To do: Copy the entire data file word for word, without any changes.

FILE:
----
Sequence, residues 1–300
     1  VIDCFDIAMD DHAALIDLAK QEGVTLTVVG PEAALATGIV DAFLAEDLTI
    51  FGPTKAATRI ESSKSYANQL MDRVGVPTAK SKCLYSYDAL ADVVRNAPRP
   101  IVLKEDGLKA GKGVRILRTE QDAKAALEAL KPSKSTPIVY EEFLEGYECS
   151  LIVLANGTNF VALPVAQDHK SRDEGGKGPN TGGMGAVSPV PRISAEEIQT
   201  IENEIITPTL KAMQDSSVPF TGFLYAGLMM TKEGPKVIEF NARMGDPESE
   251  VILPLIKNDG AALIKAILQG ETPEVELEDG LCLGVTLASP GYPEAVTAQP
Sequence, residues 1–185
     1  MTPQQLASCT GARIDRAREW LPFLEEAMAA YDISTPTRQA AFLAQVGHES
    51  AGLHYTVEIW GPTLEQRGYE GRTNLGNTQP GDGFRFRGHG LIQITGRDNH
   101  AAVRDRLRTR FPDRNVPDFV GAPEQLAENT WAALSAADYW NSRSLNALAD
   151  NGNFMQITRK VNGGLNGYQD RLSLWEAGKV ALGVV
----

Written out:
Sequence, residues 1–300
     1  VIDCFDIAMD DHAALIDLAK QEGVTLTVVG PEAALATGIV DAFLAEDLTI
    51  FGPTKAATRI ESSKSYANQL MDRVGVPTAK SKCLYSYDAL ADVVRNAPRP
   101  IVLKEDGLKA GKGVRILRTE QDAKAALEAL KPSKSTPIVY EEFLEGYECS
   151  LIVLANGTNF VALPVAQDHK SRDEGGKGPN TGGMGAVSPV PRISAEEIQT
   201  IENEIITPTL KAMQDSSVPF TGFLYAGLMM TKEGPKVIEF NARMGDPESE
   251  VILPLIKNDG AALIKAILQG ETPEVELEDG LCLGVTLASP GYPEAVTAQP
Sequence, residues 1–185
     1  MTPQQLASCT GARIDRAREW LPFLEEAMAA YDISTPTRQA AFLAQVGHES
    51  AGLHYTVEIW GPTLEQRGYE GRTNLGNTQP GDGFRFRGHG LIQITGRDNH
   101  AAVRDRLRTR FPDRNVPDFV GAPEQLAENT WAALSAADYW NSRSLNALAD
   151  NGNFMQITRK VNGGLNGYQD RLSLWEAGKV ALGVV